Online, that parasocial relationship can become a genuinely social one, as viewers gather to share their experience and, often, support and encourage one another’s buying. The QVC Addicts Facebook group, for example, is a private, fan-founded and -operated group of mostly women who watch and shop from the home shopping network regularly, if not every day.
It’s an active chat room intended for “all those people who are completely addicted to QVC and are genuine fans.” It is not a support group for addicts to overcome their addiction; it’s a safe zone for them to be understood by kindred spirits. Negative comments, whether toward other members or toward the hosts, will get you kicked out. So will spamming, as I found out after trying to contact a dozen or so members. All but two—one of whom was an admin—responded and agreed to speak with me, but when I asked for their phone numbers, they backed out.
“We need our money for shopping, not scams.”
A few weeks later I understood the remarkable non-response: They thought I was a fraud. Another admin posted that she had to ban someone who was private-messaging members. She issued a warning: “Unfortunately, spammers slip through the cracks in here. Never give anyone your personal information over Facebook PM!” The group was grateful for the flagging, with one woman responding: “We need our money for shopping, not scams.”
In lieu of speaking to members, I monitored the group and watched its member count grow by the hundreds over two months. It hit 18,000 members a couple of weeks ago. Most of the posts, of which there are easily more than 20 a day, are photos of recent purchases, like a new pair of jeans or a Keurig coffee maker. There are product reviews and questions, like one from a woman asking if anyone else found their recent shipment of Honeybell oranges soft and mushy. There are discussion threads about hosts, on-air guests, and models.
Surely all the members of the QVC Addicts group aren’t compulsive shoppers. But the most vocal ones do exhibit compulsive actions according to Dr. Benson’s definitions. In a recent post, one woman lamented falling into an uncontrollable spree: “OMG you guys I have a problem lol..Ive been buying so much every once in awhile I go on a buying binge..What has anyone else bought? I bought the Cast Iron everyday pan in aquamarine, the supersmile TSV from yesterday, Old World Confetti 5 piece concentric bowls and the 4 floral lace romance heart cake pans..I’m gonna be in big trouble!!!”
Shown a screenshot of the comment, Dr. Benson notes that the writer recognizes negative consequences for her actions. “For something to be considered a shopping addiction, it’s got to lead to serious negative consequences and she doesn’t specify what kind of big trouble she’s going to be in,” she explains. Without more context it’s hard to know the severity of the consequences involved.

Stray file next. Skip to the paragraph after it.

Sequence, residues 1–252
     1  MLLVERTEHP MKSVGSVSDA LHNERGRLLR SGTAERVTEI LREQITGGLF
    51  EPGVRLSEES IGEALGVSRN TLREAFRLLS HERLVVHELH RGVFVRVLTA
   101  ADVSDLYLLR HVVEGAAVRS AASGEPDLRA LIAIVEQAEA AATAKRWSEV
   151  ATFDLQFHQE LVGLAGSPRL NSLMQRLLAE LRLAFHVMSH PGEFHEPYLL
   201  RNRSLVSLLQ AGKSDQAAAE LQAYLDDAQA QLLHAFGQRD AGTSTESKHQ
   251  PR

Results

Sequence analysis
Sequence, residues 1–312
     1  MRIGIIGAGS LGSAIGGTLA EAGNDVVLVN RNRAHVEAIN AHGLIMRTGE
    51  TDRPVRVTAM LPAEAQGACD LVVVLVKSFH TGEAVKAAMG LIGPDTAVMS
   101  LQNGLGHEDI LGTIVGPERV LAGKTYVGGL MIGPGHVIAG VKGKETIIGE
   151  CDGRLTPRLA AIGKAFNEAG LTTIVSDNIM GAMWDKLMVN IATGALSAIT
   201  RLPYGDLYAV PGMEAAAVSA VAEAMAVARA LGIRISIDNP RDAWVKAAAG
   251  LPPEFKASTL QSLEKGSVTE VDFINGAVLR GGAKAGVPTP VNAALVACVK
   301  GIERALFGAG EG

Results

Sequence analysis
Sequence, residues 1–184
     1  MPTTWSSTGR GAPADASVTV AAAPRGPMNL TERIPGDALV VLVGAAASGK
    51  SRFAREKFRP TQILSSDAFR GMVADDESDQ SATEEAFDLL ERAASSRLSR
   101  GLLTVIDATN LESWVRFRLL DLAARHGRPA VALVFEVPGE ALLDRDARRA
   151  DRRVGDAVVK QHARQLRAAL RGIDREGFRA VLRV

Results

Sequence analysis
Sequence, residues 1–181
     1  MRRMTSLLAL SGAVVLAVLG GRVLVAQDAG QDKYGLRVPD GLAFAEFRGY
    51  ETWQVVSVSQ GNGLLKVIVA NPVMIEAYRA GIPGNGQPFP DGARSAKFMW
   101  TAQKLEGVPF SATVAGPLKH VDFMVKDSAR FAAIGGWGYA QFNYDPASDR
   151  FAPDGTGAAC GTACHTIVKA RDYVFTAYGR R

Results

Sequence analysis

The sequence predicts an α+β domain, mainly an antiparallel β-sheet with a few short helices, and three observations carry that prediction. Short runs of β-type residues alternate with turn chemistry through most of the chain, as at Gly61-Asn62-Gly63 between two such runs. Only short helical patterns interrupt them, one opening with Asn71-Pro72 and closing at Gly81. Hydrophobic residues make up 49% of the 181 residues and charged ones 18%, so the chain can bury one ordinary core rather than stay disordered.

Other members could relate and sounded off with their own lists of recent purchases: “Body gym, scrub mommy (2), Lock & Lock (3), Ruhn Kohn pot, Rangemate square pan, Keurig, Ninja 4-in-1, Temp-tations silicone trays (2), and I’m sure a few other things I’m forgetting. And that’s just this month…” wrote one.
Some members confess that their shopping is motivated by negative feelings and admit to sometimes feeling guilty about their purchases. A couple of weeks ago, one woman posted that after buying too many cosmetic products, she shouldn’t shop “for at least a decade,” and explained in follow-up comments the reasons for her recent binges. “Since my mom recently unexpectedly passed away, I think I am filling a very huge void in my life.” She shared that she doesn’t have children and has too much time on her hands, especially in the winter when she “pretty much hibernate[s] except to go to work.”
Dr. Benson shows more concern for this woman. “I’ve often seen the same kind of behavior in clients who don’t have partners or children,” she says. “It’s likely that she’s been overshopping for a long time and that the recent death of her mother has exacerbated the problem.”
Other members understand such shopping binges, and in response offered their own confessions (“I just can’t watch at all or I begin to think I need whatever is being shown.”) and justified her shopping (“Cheaper than therapy to self gratify with entertainment, education and treats.”).
The general feeling in the Facebook group, and among the other women I spoke to, is one of pride. They understand QVC has an overpowering presence in their lives, and they embrace it. It makes them feel good, whether it’s the mindless escape of watching or the shopper’s high they get from buying. They’re united in their praise for QVC and against those who judge them. In December, after one member posted a photo of eight packages outside her door, another commented with relief: “I’m just so glad there are so many of us!”
Illustrations by J. Longo